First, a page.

Romanian filmmaker Cristian Mungiu depicts with bleak accuracy and wry observation what it’s like to navigate the back alleys, easy cruelty and sheer pettiness in a totalitarian society in “4 Months, 3 Weeks and 2 Days.” This is not the stuff of concentration camps, strong-arm tactics and vicious repression, but rather a society’s complete indifference, absent even the slightest human empathy, toward two hapless young women trying to resolve an unwanted pregnancy. Yes, the ostensive portrait is of the final years of Communist rule in Romania, but the film speaks to the banality of evil in all political systems and the contemptuous creatures more than willing to exploit the vulnerable in all societies.
Robert Strange McNamara died earlier this year, and thanks to Errol Morris’ documentary, we were left with a more complex and fundamentally altered view of the former Defense Secretary and architect of the disastrous Vietnam War. This is Morris’ least fussy doc — a film distilled from 20 hours of recorded interviews with the then 85-year-old man. The film has no other voice. The portrait that emerges is surprising, as surprising as McNamara’s assertion that he and General Curtis LeMay were essentially war criminals for directing the fire bombing of Tokyo and 67 Japanese cities at the close of World War II and his claim that he desperately urged President Johnson to pull troops out of the Vietnam quagmire. The film should be required viewing in all university classes in 20th-century American history, moral philosophy and the history of warfare. Not to mention film classes.
Many films in the decade — many films — took hard looks at violence in America, and some of those were by Ethan and Joel Coen. Certainly “The Dark Knight” and “The History of Violence” tried to penetrate the seemingly inexhaustible allure of blood in the American psyche. Perhaps because this film is set in the West, which reminds us of the dark, murderous legacy of the Old West and the genocide of Manifest Destiny, “Country” gets to the heart of the matter. The title works two ways, describing a territory where the young are predators or a place where few live to be old. Evil exists in a banal, commonplace manner. You can’t reason with it or outsmart it; evil will mercilessly track you down. The movie’s dialogue is startling, its character portraits staggering, and the theme of pure malevolence crawls into your skin like a plague.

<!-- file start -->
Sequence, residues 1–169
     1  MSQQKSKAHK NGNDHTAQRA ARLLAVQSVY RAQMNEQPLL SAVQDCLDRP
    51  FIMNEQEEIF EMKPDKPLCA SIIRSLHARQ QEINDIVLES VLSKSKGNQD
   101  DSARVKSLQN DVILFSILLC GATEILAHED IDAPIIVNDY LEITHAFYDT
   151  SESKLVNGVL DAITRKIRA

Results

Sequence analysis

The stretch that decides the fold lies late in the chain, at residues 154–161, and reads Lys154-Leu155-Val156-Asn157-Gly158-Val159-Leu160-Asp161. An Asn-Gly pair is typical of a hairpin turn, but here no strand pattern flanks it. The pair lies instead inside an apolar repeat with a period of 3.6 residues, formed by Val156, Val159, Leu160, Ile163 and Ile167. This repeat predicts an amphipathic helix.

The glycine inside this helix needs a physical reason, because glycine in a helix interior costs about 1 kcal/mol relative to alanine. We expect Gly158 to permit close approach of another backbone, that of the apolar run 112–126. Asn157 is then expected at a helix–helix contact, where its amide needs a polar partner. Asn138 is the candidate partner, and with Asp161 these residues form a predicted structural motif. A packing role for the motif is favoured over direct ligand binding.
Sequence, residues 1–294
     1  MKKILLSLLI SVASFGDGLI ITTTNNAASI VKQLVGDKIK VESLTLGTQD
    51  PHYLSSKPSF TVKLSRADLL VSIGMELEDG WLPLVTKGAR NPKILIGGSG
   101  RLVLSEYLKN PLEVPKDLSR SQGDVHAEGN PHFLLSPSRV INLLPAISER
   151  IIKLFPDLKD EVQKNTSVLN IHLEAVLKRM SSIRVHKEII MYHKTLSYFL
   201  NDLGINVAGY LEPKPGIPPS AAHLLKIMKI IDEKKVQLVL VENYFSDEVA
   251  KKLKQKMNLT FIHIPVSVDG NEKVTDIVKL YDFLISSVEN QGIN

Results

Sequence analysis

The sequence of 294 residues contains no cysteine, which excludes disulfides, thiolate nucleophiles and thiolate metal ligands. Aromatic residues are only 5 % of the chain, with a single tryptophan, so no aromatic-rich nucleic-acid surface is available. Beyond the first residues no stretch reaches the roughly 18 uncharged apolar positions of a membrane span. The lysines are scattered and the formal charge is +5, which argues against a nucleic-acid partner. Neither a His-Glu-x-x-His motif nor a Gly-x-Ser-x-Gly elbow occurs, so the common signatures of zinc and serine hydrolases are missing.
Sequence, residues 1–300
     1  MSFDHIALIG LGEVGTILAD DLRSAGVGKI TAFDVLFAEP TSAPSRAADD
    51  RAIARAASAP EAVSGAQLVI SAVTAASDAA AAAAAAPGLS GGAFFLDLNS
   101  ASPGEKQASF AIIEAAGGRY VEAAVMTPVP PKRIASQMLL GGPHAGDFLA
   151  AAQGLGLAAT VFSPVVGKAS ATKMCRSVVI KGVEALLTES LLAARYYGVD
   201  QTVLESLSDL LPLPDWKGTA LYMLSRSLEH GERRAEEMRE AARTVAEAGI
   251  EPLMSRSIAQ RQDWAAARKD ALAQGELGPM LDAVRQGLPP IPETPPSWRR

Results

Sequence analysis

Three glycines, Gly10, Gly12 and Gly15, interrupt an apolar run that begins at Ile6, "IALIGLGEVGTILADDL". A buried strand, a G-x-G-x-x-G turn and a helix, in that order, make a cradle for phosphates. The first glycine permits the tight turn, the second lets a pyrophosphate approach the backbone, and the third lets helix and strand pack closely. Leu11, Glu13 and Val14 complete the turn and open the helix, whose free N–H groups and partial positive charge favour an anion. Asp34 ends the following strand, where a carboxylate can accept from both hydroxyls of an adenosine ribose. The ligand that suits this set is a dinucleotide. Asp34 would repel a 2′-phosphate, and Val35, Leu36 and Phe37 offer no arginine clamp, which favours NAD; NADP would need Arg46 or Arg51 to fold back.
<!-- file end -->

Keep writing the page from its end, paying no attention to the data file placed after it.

A shocking, emotionally searing account of the first people to inhabit the post-September 11 world, “United 93” depicts the fourth ill-fated flight of that unforgettable September day. Paul Greengrass makes you experience that flight and that day, as well as the intersection between hopelessness and determination. It’s the only film of the decade that takes the measure of our changed world, from its ordinary, everyday opening minutes to a final confrontation with religious and political madness.
Hollywood has been making war movies since D.W. Griffith, but you seldom if ever get a sense of how it feels. You may in the first 20 minutes of Spielberg’s “Saving Private Ryan”; then that movie reverts to genre form. But Clint Eastwood’s “Letters From Iwo Jima” accomplishes this feat: You get war in all its horror, boredom and grit — and from the point of view of our country’s enemy, so any empathy is hard-earned. With unsettling brilliance, the film captures war as experienced by soldiers lost in its fog, as a grinding, sickening, numbing death machine. In Eastwood’s version, heroism and cowardice are two sides of the same coin, and glory a concept best left to generals and historians.